Weight bias or weight stigma refers to negative attitudes and discrimination against individuals based on their apparent body weight and size.1 Body weight and size being highly visible personal characteristics, if not within the range that is generally perceived as ideal and attractive, can evoke strong reactions from others.2 For instance, it is commonly perceived that overweight people are generally lazy, ill-disciplined and weak-willed. This is further reinforced by societal constructs which tend to associate thinness with desirable traits such as elegance, youthfulness, success and better health.3–5 As a result, overweight or obese people become victims of low self-esteem, depression and hence; are more prone to a variety of pathological eating disorders such as bulimia and anorexia nervosa.6,7 On the contrary, there are those who are shamed for being too thin and are incidentally seen as weak or as recipients of poor health. However, there is barely any literature available which discusses the impact of such bias on its victims.
Body image is becoming an increasingly popular source of interest worldwide. With mass media projecting a particular image of the perfect physique, coupled with peer pressure, weight bias has become a common practice in our society. This phenomenon is no longer limited to the developed world but has now seeped into the developing world as well, which has also adopted the western ideals of beauty.
Despite this, the number of overweight people is rising daily, and we are experiencing an epidemic of obesity.8 Extended work hours and a sedentary lifestyle have also contributed to this epidemic as people find it difficult to make time for physical activities. Because most people, particularly women, are more likely to be critical of their body weight as a result of increased peer-pressure. Therefore, they are highly likely to internalize weight bias and perceive themselves to be overweight even if they are of the average weight for their age.9 This can often lead to them taking drastic measures to reduce weight such as crash diets, intensive exercise, starvation and developing eating disorders such as Anorexia Nervosa which, according to a study, has a 67% chance of leading to life-threating complications.10
Weight bias and its associated problems are universal; however, they are influenced by social norms. In Karachi, hardly any research has been conducted regarding this topic despite its significant social, mental and physical implications. Even lesser data is available for underweight people even though they are at an increased risk for multiple health problems such as low immunity, irregular menstruation and osteoporosis.11–13 Western media and its norms easily influence Pakistan, and therefore it is easier for both men and women to fall into the race for the ideal physique.14
Additionally, there is also a culture of associating overweight and obese individuals with an affluent background making it difficult for overweight people to identify and admit weight problems, and therefore take measures to counter it. Our study aimed to bridge the gap in the literature and provide an insight into the minds of an average undergraduate student residing in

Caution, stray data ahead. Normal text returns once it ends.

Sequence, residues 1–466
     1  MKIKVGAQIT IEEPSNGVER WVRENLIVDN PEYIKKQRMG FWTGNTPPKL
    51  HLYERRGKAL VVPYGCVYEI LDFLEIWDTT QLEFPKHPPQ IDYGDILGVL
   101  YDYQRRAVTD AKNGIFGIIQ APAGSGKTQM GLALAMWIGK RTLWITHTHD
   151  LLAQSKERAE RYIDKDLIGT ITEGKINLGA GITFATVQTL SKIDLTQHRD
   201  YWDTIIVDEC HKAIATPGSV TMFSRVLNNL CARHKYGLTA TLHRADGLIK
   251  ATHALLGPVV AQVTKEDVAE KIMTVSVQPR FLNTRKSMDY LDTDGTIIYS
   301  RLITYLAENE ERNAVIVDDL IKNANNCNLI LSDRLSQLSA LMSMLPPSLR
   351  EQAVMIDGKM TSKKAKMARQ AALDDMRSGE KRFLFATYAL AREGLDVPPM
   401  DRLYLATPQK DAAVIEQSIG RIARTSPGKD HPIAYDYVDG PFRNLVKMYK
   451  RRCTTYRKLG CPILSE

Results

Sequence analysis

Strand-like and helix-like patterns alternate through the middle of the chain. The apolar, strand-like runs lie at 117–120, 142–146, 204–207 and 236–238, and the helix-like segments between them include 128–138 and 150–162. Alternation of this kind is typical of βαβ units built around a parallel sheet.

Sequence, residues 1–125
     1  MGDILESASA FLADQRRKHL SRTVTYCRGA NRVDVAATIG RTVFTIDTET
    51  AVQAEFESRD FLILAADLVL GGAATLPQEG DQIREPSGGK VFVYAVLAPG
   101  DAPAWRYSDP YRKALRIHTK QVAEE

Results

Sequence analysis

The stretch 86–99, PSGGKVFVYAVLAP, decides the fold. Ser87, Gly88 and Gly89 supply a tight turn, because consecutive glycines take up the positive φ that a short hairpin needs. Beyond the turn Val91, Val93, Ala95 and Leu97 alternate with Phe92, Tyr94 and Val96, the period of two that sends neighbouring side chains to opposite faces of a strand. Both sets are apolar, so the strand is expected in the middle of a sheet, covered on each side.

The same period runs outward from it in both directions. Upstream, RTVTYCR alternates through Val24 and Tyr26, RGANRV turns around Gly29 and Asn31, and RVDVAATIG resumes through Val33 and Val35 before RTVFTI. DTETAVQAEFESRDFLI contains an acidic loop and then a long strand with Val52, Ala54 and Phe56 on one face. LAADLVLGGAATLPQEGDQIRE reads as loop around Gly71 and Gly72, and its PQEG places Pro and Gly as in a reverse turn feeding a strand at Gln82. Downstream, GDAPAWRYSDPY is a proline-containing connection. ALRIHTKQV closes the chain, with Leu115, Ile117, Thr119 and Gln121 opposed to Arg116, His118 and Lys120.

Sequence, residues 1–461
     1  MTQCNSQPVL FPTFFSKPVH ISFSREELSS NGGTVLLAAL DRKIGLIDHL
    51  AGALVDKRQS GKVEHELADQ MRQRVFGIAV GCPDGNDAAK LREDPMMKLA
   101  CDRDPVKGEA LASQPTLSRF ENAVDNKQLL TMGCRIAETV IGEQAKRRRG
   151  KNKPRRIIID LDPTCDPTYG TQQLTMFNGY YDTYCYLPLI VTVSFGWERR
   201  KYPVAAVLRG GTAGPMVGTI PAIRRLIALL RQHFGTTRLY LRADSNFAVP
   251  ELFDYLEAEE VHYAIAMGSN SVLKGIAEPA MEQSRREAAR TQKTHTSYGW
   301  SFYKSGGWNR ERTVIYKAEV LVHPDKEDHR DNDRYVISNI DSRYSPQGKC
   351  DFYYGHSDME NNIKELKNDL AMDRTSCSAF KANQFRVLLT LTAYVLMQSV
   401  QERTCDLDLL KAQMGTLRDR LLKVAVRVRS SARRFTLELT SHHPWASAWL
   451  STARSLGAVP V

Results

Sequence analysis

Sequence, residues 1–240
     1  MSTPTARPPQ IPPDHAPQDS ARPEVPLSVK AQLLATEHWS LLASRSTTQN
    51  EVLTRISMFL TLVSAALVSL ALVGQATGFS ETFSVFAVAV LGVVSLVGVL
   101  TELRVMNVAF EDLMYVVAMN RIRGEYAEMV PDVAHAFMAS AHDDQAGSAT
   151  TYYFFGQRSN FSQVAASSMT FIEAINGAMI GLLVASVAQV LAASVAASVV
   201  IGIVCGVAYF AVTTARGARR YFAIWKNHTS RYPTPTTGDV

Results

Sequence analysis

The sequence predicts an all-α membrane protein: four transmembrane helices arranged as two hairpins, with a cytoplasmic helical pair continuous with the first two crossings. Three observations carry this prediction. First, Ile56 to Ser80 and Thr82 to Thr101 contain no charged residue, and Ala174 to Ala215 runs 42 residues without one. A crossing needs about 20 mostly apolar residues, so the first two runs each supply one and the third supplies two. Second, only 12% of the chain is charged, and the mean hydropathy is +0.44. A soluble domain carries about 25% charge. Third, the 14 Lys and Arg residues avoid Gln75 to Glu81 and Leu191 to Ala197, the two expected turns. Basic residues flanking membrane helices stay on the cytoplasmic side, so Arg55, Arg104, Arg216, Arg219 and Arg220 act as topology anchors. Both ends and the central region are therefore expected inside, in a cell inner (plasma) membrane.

Karachi. We also aimed to find out the prevalence of internalized self-bias so that we may be able to ascertain how it influences a person’s perception of their body image so that preventive strategies can be devised accordingly.
In January 2018, we conducted a three-week cross-sectional study to assess both the psychological and social reasons for weight bias prevalent in the undergraduate students of Karachi, primarily studying medicine.
Using a confidence level of 95% and a frequency of outcome factor of 50%, a sample size of 384 was calculated. We interviewed 421 students using convenience sampling, out of which 18 (4.3%) refused to participate in the study and a further 4 (0.95%) did not fill out the questionnaire completely. We discarded incomplete responses. Thus, the cooperation rate came out to be 94.8%. Written consent was taken only after ensuring anonymity. All undergraduate students were considered for participation in the study. We did not place any age and socioeconomic restrictions such as household income and enrollment in private or public-sector Universities. The only restrictions placed were the subject’s academic status and the city of residence which had to be Karachi.
Our questionnaire was constructed based on a previous study conducted in the United States.15 It was modified according to the objective of our study. A structured standardized questionnaire was used to collect the data. The questionnaire, which consisted of three sections, contained 43 questions. Questions aimed at assessing knowledge were whether the subjects knew about the recommended calorie intake and dietary disorders such as bulimia and anorexia nervosa. Attitudes and practices were assessed by using five and four-point Likert scales respectively. Attitude questions were mostly related to the idealization of the models appearing on the television and associated satisfaction or dissatisfaction towards the participant’s weight or body shape. Practice-related questions focused primarily on the exercise routines, with or without its association with diet alterations and involvement in the criticism towards those considered overweight or unhealthy.